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Tiananmen Square crackdown
CommentInsight & Opinion

After June 4, China is still fumbling towards respect for rights of all

Jerome A. Cohen says despite the changes made to China's human rights legislation after June 4, progress has been slow and the plight of those advocating for democracy little improved

PUBLISHED : Monday, 02 June, 2014, 3:25am
UPDATED : Monday, 02 June, 2014, 3:25am

We are entitled, 25 years later, to ask about the enduring legacy of June 4. Its immediate impact on China's legal system and civil and political rights was, of course, disastrous. For several years, savage repression decimated a system that, only a decade earlier, had begun its post-Cultural Revolution reconstruction.

The mid-1990s, however, spurred by Deng Xiaoping's 1992 "southern tour" and the Communist Party's effort to attract foreign direct investment, marked a return to the cautious but persistent legal progress of the 1980s. This, despite "strike hard" campaigns and other setbacks, seemed to promise greater protection of human rights, not only in theory but also in practice.

The past 20 years have witnessed a continuation of China's legislative progress. But what has not continued, despite attractive constitutional amendments and generally progressive procedural and substantive laws, is the promise of gradually realising the freedoms of expression, association, assembly, demonstration and religion enshrined in China's constitution. Nor, in practice, has the police-prosecutorial-judicial system over which the Communist Party presides protected the criminal justice and litigation rights of those unfortunate enough to become involved in "sensitive" cases, broadly defined.

Democratic activists and the human rights and public interest lawyers who dare to represent them have been subject to especially disgraceful abuse.

Indeed, in recent years, despite China's impressive economic development, the situation for civil and political rights has significantly deteriorated, and prospects for the immediate future appear grim. The long-time criminal detentions of the distinguished human rights advocate Gao Yu , the able public interest lawyer Pu Zhiqiang and many others are a sobering reminder of reality.

Was this situation avoidable? It is a far cry from the China that my wife, Joan Lebold Cohen, and I experienced when, after a number of visits beginning 1972, we were finally allowed to live in Beijing at the start of 1979. Those were the heady days of Democracy Wall, an exciting period for all, whether Chinese or foreigners, social scientists or visual artists. Speech was really free, and "sit-ins" took place in front of city hall. The Central Academy of Fine Arts invited my wife to give lectures on contemporary American art before hundreds of artists and students who gasped at their first glimpses of slides of Western abstract paintings, in an atmosphere that was electric with questions and comments.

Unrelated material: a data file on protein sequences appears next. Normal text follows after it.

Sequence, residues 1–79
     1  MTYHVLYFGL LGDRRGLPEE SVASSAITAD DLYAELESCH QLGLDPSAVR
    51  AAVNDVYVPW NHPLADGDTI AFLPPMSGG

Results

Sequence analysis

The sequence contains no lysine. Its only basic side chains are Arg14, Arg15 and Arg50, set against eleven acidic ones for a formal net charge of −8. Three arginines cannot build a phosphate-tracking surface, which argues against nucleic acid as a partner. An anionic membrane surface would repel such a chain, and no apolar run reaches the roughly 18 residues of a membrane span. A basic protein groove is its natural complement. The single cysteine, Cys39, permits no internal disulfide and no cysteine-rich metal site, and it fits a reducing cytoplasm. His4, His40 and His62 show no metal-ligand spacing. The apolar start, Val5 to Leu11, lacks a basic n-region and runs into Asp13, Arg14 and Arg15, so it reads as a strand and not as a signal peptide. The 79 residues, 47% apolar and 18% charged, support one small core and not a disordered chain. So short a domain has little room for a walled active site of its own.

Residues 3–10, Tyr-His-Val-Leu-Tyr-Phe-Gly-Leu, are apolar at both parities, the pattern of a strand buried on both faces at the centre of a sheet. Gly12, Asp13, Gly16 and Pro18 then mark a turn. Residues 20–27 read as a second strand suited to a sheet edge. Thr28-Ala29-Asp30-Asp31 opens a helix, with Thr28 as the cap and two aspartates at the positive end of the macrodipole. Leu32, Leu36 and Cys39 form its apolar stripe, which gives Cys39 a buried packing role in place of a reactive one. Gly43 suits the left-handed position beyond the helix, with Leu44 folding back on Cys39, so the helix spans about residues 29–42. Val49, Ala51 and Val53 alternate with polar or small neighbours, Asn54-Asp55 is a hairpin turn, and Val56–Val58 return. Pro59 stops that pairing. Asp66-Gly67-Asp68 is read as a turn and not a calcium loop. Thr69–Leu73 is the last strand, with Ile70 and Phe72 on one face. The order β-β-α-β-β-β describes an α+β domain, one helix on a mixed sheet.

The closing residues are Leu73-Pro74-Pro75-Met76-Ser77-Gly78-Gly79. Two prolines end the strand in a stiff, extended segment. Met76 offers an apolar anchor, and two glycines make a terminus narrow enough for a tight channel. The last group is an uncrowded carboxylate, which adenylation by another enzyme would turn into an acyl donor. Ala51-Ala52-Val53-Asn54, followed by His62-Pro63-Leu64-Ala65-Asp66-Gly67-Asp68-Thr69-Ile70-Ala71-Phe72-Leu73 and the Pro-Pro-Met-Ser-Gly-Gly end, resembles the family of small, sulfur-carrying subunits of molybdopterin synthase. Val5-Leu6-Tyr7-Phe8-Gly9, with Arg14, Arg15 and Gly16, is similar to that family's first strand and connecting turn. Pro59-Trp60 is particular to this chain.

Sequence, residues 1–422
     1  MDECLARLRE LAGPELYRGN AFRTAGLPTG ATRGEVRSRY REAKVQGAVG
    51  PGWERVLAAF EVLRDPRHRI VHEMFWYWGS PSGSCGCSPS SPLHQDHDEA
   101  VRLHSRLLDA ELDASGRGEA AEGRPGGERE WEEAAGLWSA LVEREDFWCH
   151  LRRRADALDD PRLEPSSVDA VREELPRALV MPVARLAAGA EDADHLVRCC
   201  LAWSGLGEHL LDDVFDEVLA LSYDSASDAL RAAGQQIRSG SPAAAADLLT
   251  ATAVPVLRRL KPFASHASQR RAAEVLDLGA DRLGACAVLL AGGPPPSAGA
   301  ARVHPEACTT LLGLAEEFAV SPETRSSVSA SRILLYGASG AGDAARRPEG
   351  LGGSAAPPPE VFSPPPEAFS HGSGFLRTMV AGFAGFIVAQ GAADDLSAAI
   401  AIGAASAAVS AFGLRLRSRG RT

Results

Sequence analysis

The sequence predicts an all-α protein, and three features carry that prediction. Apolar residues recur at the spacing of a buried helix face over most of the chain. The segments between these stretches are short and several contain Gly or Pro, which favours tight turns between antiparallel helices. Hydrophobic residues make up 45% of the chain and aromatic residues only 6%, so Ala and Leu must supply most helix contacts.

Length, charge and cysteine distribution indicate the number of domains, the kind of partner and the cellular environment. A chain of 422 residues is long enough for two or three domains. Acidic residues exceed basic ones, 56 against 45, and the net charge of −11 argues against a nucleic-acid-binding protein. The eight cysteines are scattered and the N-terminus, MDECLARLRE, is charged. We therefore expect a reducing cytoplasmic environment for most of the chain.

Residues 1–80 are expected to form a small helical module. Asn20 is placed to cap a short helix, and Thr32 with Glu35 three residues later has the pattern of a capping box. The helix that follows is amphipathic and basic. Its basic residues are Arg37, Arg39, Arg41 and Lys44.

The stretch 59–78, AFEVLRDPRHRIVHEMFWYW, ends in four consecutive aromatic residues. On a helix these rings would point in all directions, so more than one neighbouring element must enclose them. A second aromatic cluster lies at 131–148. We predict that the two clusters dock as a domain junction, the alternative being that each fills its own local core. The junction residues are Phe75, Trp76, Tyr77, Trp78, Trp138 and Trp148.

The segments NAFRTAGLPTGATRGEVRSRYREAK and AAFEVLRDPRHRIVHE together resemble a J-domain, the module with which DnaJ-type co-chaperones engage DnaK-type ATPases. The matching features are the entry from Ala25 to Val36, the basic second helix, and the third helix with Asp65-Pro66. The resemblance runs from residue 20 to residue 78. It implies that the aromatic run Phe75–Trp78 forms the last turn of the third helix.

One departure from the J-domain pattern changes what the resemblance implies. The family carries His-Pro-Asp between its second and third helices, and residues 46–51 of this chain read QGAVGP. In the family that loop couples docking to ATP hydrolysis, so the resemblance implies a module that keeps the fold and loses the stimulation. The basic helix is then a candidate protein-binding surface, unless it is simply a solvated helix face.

We knew it couldn't last, and it didn't, but this brief transition did introduce a decade of limited progress in many fields. Yet the democratic ferment generated by the 1980s proved hard to contain, as demonstrated by the fall of the reformer, party general secretary Hu Yaobang , in the 1986-87 campaign against "bourgeois liberals", and by the events leading up to the June 4 massacre after Hu's death two years later.

One question that has long plagued me is whether those crackdowns might never have occurred if vast popular protests could have been avoided. After the fall of Hu, I remember surprising some friends, and even myself, when, on Ted Koppel's Nightline, I said that, while it was heartwarming to see thousands of students in the streets shouting "freedom", one nevertheless had to ask whether that was indeed a good thing if the result was not more freedom but less.

Although the mid-1990s moderated the vicious oppression that followed June 4, it did not end the revival of Maoist ideology that had contributed to criminal injustice in the aftermath of the slaughter. In early 1992, I was exposed to a vivid application of Mao's theory of contradictions. The Voice of America broadcast excerpts of a talk on the impact of June 4 on the legal system that I had just delivered to the Beijing Foreign Correspondents' Club. Although premier Li Peng reportedly liked my endorsement of China's desire to enter the World Trade Organisation, my theme that the courts had become an instrument for suppressing people angered him.

Thus, two days later, as I was preparing to leave the Jianguo Hotel to visit several provincial law schools on behalf of the Ford Foundation, no fewer than five Beijing law school deans, who earlier in the week had been courting me to recommend continuing Ford support for their schools, were lying in wait for me in the lobby. There they sternly "registered a solemn protest" concerning my remarks about the courts. How, they asked, could I, a friend of China, make such an outrageous observation?

I told them I had based my remarks on the repeated published instructions of Supreme People's Court president Ren Jianxin, who was also head of the party's Central Political-Legal Committee. He admonished judges to mercilessly suppress counter-revolutionaries. "Oh," they replied, "counter-revolutionaries are not among 'the people'"! Amazingly, many Chinese legal officials, particularly police, cling to this mode of "analysis" to this day.

The lesson of the past 25 years for our purposes seems to be that economic and social progress, enactment of better legislation, improvements in legal institutions, and reformist official policy statements do not guarantee either the enjoyment of civil and political rights or the protection of political and religious activists and their lawyers against the arbitrary exercise of state and party power.

This is not to say that no legal progress is being made in related areas of human rights. Despite efforts to restrict the influence of the internet and social media, public opinion is being listened to in some respects, and party leaders are slowly allowing legal institutions to respond to demands to vindicate rights in certain fields, including labour, environment, gender discrimination and ordinary civil and criminal cases. Yet there is little evidence that such progress is likely to improve the lot of political and religious activists and their lawyers, at least in the near future.